The Paleocene-Eocene Thermal Maximum; how much carbon is enough?

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doi: 10.1002/2014PA002650
Author(s): Meissner, K. J.; Bralower, T. J.; Alexander, K.; Dunkley Jones, T.; Sijp, W.; Ward, M.
Author Affiliation(s): Primary:
University of New South Wales, Climate Change Research Centre, Kensington, N.S.W., Australia
Other:
University of Victoria, Australia
Pennsylvania State University, United States
University of Birmingham, United Kingdom
Volume Title: Paleoceanography
Source: Paleoceanography, 29(10), p.946-963. Publisher: American Geophysical Union, Washington, DC, United States. ISSN: 0883-8305 CODEN: POCGEP
Note: In English. NSF Grant EAR-06-28394. 94 refs.; illus., incl. 1 table
Summary: The Paleocene-Eocene Thermal Maximum (PETM), ∼55.53 million years before present, was an abrupt warming event that involved profound changes in the carbon cycle and led to major perturbations of marine and terrestrial ecosystems. The PETM was triggered by the release of a massive amount of carbon, and thus, the event provides an analog for future climate and environmental changes given the current anthropogenic CO2 emissions. Previous attempts to constrain the amount of carbon released have produced widely diverging results, between 2000 and 10,000 gigatons carbon (GtC). Here we use the UVic Earth System Climate Model in conjunction with a recently published compilation of PETM temperatures to constrain the initial atmospheric CO2 concentration as well as the total mass of carbon released during the event. Thirty-six simulations were initialized with varying ocean alkalinity, river runoff, and ocean sediment cover. Simulating various combinations of pre-PETM CO2 levels (840, 1680, and 2520 ppm) and total carbon releases (3000, 4500, 7000, and 10,000 GtC), we find that both the 840 ppm plus 7000 GtC and 1680 ppm plus 7000-10,000 GtC scenarios agree best with temperature reconstructions. Bottom waters outside the Arctic and North Atlantic Oceans remain well oxygenated in all of our simulations. While the recovery time and rates are highly dependent on ocean alkalinity and sediment cover, the maximum temperature anomaly, used here to constrain the amount of carbon released, is less dependent on this slow-acting feedback. Abstract Copyright (2014), . American Geophysical Union. All Rights Reserved.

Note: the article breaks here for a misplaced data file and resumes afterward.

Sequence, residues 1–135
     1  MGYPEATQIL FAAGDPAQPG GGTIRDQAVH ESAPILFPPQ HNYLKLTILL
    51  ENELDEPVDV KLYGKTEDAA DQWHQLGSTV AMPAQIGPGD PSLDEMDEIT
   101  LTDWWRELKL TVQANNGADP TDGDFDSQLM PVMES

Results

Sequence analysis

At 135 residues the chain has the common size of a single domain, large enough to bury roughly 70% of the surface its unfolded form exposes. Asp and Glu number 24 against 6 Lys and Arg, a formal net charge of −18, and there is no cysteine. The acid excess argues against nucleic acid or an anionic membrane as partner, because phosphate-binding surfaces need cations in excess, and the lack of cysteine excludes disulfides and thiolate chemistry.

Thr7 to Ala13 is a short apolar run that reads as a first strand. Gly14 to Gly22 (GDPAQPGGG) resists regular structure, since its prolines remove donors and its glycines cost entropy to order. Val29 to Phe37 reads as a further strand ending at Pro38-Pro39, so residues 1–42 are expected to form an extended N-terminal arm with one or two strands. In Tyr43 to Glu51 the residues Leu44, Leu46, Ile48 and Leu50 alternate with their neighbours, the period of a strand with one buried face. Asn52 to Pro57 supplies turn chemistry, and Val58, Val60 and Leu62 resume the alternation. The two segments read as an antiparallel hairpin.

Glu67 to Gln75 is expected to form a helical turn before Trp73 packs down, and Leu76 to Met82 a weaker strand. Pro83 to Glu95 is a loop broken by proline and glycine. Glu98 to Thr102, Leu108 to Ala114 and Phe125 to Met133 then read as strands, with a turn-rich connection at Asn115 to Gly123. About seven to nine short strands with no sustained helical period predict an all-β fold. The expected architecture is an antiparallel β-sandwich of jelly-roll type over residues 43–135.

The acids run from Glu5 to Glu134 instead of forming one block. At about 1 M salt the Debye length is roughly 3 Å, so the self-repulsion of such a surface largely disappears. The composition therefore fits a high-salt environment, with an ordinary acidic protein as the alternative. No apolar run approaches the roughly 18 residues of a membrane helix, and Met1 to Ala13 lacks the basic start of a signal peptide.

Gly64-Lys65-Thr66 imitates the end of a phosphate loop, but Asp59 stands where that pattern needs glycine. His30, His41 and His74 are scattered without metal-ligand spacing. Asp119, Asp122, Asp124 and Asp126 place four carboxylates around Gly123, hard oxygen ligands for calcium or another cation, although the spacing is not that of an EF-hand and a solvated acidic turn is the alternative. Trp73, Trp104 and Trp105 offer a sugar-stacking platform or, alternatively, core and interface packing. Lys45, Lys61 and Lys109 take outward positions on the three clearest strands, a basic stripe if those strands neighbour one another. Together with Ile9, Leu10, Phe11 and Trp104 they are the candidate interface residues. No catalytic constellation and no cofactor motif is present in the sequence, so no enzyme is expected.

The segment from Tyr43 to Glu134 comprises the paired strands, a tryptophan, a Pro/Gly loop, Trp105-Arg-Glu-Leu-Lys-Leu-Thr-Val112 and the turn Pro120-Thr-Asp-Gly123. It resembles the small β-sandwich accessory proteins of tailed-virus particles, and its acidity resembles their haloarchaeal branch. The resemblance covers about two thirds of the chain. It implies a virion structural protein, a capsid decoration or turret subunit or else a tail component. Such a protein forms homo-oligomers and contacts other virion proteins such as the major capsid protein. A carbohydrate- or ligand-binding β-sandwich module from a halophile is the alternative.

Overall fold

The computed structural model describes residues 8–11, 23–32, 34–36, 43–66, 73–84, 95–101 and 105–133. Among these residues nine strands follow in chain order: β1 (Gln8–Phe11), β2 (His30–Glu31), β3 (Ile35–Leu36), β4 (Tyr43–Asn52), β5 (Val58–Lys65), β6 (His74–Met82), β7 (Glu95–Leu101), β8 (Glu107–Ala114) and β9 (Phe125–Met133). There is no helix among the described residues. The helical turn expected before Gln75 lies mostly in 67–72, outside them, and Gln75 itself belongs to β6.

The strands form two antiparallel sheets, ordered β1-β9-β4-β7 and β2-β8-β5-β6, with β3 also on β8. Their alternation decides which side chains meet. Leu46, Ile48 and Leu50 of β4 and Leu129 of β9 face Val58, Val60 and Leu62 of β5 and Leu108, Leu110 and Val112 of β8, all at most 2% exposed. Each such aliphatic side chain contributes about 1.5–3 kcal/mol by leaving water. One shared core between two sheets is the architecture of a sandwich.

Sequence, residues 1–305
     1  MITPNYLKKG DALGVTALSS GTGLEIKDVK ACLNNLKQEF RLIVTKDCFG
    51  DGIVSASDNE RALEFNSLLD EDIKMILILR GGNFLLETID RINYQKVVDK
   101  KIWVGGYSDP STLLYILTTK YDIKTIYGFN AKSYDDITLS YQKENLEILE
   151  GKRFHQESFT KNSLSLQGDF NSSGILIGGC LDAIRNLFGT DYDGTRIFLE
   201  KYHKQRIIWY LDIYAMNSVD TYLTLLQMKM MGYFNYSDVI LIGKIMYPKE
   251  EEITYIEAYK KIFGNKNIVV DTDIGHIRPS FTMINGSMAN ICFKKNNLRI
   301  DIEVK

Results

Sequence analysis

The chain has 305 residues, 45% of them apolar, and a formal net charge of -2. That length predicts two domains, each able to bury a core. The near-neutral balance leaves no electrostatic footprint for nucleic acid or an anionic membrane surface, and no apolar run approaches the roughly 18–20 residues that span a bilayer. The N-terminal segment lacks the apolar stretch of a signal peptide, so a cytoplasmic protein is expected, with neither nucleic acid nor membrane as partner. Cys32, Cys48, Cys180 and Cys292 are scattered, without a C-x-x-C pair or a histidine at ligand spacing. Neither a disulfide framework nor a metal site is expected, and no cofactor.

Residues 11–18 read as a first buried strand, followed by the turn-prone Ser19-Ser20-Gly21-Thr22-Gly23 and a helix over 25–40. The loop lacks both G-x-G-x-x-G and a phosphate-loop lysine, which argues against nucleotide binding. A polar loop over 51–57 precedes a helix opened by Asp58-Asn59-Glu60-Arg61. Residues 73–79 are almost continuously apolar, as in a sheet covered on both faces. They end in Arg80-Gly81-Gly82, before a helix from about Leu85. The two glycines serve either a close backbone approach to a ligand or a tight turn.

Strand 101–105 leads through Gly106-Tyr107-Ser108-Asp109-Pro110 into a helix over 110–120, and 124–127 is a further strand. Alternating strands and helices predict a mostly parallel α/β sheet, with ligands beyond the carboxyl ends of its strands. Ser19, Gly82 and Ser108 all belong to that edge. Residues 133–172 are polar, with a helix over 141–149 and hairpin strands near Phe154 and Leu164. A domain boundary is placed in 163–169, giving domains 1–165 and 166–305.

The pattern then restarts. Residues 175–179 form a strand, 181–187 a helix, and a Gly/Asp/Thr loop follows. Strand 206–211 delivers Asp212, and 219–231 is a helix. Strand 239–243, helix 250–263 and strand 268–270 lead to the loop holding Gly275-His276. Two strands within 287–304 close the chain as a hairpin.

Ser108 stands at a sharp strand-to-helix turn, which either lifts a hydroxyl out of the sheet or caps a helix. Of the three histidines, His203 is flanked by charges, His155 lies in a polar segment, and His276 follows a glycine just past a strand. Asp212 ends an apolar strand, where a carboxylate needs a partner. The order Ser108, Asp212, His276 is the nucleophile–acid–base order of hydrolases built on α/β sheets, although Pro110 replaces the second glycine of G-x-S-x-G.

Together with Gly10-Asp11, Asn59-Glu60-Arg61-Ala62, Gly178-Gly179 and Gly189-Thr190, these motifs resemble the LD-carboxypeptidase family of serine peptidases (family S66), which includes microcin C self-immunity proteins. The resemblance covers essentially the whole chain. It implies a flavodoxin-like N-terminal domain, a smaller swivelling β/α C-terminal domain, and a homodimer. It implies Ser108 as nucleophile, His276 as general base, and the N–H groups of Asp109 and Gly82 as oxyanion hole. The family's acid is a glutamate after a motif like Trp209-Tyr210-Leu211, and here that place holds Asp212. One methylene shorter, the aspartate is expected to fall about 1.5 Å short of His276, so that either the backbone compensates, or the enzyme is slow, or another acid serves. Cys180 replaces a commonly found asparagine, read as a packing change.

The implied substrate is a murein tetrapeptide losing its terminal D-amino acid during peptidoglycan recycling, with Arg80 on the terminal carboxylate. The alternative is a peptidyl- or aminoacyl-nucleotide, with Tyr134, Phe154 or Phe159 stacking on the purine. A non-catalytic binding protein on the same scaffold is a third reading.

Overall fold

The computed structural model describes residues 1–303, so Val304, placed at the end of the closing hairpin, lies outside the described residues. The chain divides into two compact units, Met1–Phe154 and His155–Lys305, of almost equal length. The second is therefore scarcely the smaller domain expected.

Year of Publication: 2014
Research Program: DSDP Deep Sea Drilling Project
IODP Integrated Ocean Drilling Program
IPOD International Phase of Ocean Drilling
ODP Ocean Drilling Program
Key Words: 12 Stratigraphy, Historical Geology and Paleoecology; Anaerobic environment; Arctic Coring EXpedition; Arctic Ocean; Atlantic Coastal Plain; Atlantic Ocean; Carbon dioxide; Cenozoic; DSDP Site 527; Deep Sea Drilling Project; East Pacific; Expedition 302; Global; IPOD; Integrated Ocean Drilling Program; Leg 113; Leg 143; Leg 174AX; Leg 189; Leg 198; Leg 74; Lomonosov Ridge; Marine environment; Maud Rise; Mid-Pacific Mountains; North Pacific; Northeast Pacific; Northwest Pacific; Numerical models; ODP Site 1172; ODP Site 1209; ODP Site 690; ODP Site 865; Ocean Drilling Program; Pacific Ocean; Paleocene-Eocene Thermal Maximum; Paleoclimatology; Paleoenvironment; Paleogene; Paleotemperature; Sea-surface temperature; Shatsky Rise; South Atlantic; South Pacific; Southern Ocean; Southwest Pacific; Tasman Sea; Tertiary; UVic Earth System Climate Model; Uncertainty; United States; Walvis Ridge; Weddell Sea; West Pacific
Coordinates: S280230 S280229 E0014549 E0014547
S650938 S650937 E0011218 E0011218
N182624 N182626 W1793320 W1793321
S435800 S435700 E1495600 E1495500
Record ID: 2015004444
Copyright Information: GeoRef, Copyright 2019 American Geosciences Institute. Reference includes data from John Wiley & Sons, Chichester, United Kingdom